Sweet Daisy Birdy

The Sombrero Adobe Orange echinacea is a recent addition to the garden, but it is covered in bright orange flowers in its first year. Other plants around the birdbath include several coreopsis which are blooming now, and a newly planted yarrow called Strawberry Seduction. Small pollinators visit the yarrow blooms on a regular basis.

Echinacea Sombrero Adobe Orange

Strawberry Seduction yarrow

We have lots of coneflowers planted in several beds, and they are always popular with bees and butterflies alike.

Echinacea Rainbow Marcella

white coneflower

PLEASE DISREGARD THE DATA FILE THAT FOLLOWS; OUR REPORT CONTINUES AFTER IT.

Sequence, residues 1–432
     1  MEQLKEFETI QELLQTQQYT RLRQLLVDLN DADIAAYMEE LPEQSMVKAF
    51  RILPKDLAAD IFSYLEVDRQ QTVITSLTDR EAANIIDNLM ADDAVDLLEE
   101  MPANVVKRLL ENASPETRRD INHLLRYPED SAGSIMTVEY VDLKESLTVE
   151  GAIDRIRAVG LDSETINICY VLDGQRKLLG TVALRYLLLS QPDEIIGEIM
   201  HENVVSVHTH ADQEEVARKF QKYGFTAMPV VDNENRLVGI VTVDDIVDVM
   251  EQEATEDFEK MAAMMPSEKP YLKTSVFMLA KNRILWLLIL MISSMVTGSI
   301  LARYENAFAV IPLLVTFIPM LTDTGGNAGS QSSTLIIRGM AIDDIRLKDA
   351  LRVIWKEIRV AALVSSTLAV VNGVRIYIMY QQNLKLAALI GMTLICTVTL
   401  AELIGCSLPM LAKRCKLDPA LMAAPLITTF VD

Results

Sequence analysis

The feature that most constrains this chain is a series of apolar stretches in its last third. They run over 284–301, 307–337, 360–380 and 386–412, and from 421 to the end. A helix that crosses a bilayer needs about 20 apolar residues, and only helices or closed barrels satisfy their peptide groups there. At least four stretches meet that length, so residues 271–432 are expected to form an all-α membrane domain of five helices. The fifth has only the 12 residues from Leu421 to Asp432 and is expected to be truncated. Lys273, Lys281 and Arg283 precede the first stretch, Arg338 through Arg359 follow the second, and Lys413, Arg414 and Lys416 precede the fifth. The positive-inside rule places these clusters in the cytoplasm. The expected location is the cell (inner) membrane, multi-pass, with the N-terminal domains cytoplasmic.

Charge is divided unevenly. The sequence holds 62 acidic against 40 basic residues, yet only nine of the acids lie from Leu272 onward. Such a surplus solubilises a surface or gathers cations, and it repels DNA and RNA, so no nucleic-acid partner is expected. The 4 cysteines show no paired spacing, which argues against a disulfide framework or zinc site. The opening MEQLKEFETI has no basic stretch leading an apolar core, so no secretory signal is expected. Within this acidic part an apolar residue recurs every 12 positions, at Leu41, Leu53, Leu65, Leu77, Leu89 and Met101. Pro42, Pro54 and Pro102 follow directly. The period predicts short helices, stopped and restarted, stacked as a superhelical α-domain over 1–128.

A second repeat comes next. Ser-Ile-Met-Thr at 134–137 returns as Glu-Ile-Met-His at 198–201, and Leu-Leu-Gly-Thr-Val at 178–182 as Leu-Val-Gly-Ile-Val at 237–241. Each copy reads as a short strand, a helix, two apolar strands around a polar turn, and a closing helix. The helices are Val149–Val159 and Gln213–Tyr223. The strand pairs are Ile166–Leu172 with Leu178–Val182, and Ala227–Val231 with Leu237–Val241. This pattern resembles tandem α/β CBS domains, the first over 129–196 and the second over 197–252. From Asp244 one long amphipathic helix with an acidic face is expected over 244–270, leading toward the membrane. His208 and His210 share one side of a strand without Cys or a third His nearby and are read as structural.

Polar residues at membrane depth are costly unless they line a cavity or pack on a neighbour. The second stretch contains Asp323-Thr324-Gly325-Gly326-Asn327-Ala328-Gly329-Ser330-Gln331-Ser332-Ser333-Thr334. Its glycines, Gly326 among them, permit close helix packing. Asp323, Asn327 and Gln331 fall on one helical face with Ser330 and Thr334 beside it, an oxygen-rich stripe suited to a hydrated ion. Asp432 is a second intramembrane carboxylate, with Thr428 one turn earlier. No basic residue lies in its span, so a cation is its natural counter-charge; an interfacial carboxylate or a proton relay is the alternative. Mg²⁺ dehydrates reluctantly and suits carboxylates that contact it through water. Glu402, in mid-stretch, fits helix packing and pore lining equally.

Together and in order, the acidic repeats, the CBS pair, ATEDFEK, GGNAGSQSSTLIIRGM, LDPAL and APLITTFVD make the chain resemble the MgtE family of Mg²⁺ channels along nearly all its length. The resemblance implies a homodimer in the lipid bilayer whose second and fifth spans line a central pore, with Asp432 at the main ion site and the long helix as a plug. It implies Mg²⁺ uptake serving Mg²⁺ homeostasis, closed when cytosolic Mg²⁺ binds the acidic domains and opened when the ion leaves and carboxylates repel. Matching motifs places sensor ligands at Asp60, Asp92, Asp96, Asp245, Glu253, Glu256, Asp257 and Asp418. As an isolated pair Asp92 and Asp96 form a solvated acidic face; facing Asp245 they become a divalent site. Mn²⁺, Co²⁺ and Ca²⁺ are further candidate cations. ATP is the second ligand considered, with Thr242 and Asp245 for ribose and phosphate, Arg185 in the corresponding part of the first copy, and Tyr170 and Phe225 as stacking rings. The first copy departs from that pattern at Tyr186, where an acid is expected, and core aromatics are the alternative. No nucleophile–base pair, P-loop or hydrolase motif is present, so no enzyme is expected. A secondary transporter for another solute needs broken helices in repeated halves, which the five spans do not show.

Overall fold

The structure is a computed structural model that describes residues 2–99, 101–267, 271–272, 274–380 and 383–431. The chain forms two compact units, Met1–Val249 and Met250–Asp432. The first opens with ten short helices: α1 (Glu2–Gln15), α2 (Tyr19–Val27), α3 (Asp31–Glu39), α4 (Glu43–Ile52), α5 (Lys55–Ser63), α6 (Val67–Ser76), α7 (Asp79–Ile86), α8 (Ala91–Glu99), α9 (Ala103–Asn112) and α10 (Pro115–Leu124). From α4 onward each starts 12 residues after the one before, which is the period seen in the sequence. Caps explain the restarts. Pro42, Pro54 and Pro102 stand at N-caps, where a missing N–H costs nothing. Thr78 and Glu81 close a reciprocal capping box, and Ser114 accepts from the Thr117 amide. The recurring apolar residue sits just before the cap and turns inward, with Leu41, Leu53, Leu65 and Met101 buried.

Honeybees and bumblebees are loving the native button bush. This was a small plant we brought home from a native plant sale, and it has grown to be taller than me in a few years time.

honeybee on buttonbush

bees on buttonbush

Bee Balm is a magnet for bees and butterflies, and the tall red and purple ones are blooming now.

red bee balm

I hope you have enjoyed this look at some of the things we have blooming here at the end of June. I will be back soon with more happenings from Happy Acres!